Mechanistic critical heat flux prediction for in-vessel retention conditions

Md Abdur Rafiq Akand, Tatsuya Matsumoto, Wei Liu, Koji Morita

Research output: Contribution to journalArticlepeer-review

1 Citation (Scopus)


In-vessel retention (IVR) is considered a feasible technique to keep reactor pressure vessel (RPV) integrity in a severe reactor accident. For light water reactor (LWR), the effectiveness of this strategy relies soundly on the critical heat flux (CHF) distribution over the external surface of the lower plenum of RPV, whose orientation varies gradually from downward-facing horizontal to vertical. The CHF prediction capability of the liquid sublayer dryout model is efficient for high mass flux in vertical flow boiling conditions. This paper focuses on how to adapt the model to the changed orientation of the heating surface. Bubble departure diameter (dB) and net vapor generation point (NVG), the starting point for the void fraction developing in a heating channel, is one of the important key points in the CHF prediction. Therefore, to assess the predictive potential of CHF under IVR, experimental research was performed to measure bubble departure diameter and NVG for a changing heating surface orientation from downward-facing horizontal to vertical with a mechanistic model basing on the force balance. A modified liquid sublayer dryout model was then proposed where the channel orientation effect is considered to measure the bubble departure diameter (vapor blanket diameter) using the improved force balance model. The NVG is modified according to the departure diameter. The predicted departure diameter and subcooling at NVG show good consistency with the experimental data, and the modified liquid sublayer dryout model can predict the CHF data with an average relative error of 18.36% in IVR.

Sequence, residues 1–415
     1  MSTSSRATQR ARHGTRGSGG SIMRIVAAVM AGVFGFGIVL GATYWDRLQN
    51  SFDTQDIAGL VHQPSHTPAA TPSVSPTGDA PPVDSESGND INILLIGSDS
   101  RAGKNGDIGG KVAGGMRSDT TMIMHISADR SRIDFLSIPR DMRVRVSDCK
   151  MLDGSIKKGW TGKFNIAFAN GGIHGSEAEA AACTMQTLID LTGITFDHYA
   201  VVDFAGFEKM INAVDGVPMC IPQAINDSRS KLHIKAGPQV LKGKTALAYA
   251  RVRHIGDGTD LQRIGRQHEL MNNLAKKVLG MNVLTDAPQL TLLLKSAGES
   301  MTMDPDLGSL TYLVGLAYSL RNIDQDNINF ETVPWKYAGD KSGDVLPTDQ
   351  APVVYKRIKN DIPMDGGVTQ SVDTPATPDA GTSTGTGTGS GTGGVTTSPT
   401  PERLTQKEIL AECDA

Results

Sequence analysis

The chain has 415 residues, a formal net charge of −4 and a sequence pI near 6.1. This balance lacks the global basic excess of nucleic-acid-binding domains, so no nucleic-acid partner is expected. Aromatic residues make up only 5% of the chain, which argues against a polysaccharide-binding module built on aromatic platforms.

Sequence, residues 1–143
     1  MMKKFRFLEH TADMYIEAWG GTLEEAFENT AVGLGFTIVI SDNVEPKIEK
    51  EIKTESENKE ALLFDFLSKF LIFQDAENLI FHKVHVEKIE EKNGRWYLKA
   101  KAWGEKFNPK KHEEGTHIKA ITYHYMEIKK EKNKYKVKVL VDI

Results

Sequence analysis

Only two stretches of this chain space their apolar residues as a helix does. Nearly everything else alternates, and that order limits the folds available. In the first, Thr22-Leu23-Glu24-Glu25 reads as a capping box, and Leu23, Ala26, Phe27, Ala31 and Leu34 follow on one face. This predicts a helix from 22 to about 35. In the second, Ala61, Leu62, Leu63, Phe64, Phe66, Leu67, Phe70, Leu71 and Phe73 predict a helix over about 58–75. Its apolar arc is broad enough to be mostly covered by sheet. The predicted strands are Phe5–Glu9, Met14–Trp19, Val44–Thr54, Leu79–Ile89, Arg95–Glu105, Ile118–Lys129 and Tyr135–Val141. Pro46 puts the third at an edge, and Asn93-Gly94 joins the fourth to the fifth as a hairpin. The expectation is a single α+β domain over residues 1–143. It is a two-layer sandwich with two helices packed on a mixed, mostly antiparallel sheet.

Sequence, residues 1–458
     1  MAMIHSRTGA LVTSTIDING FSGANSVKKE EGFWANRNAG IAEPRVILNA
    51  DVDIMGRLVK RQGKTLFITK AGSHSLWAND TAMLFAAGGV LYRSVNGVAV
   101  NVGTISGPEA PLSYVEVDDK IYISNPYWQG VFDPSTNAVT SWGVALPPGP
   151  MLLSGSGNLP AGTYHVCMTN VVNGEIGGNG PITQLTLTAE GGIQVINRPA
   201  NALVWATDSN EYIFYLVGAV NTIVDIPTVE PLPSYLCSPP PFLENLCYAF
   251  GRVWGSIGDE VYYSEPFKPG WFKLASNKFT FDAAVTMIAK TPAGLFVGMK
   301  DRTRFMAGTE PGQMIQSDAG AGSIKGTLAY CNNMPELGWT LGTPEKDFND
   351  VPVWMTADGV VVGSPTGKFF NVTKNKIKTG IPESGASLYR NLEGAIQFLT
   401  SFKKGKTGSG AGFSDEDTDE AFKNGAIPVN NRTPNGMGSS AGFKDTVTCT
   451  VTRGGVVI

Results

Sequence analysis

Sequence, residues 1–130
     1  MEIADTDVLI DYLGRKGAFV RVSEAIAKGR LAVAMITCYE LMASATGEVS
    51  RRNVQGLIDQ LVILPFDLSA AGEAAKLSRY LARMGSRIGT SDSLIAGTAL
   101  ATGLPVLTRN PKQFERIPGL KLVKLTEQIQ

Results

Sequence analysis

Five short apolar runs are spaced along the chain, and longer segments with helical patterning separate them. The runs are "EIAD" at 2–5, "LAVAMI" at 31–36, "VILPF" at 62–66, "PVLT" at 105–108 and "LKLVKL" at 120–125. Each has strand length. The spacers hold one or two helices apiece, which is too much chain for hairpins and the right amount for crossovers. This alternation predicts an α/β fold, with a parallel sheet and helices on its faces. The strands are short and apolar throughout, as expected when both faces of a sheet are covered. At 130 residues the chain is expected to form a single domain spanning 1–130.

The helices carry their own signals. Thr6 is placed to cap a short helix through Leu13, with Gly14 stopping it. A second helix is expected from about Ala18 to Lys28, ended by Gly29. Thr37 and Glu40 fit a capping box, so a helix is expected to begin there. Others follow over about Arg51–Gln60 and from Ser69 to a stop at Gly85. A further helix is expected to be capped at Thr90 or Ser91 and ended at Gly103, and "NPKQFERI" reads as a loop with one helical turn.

Original languageEnglish
Article number111494
JournalNuclear Engineering and Design
Publication statusPublished - Dec 1 2021

All Science Journal Classification (ASJC) codes

  • Mechanical Engineering
  • Nuclear and High Energy Physics
  • Safety, Risk, Reliability and Quality
  • Waste Management and Disposal
  • Materials Science(all)
  • Nuclear Energy and Engineering


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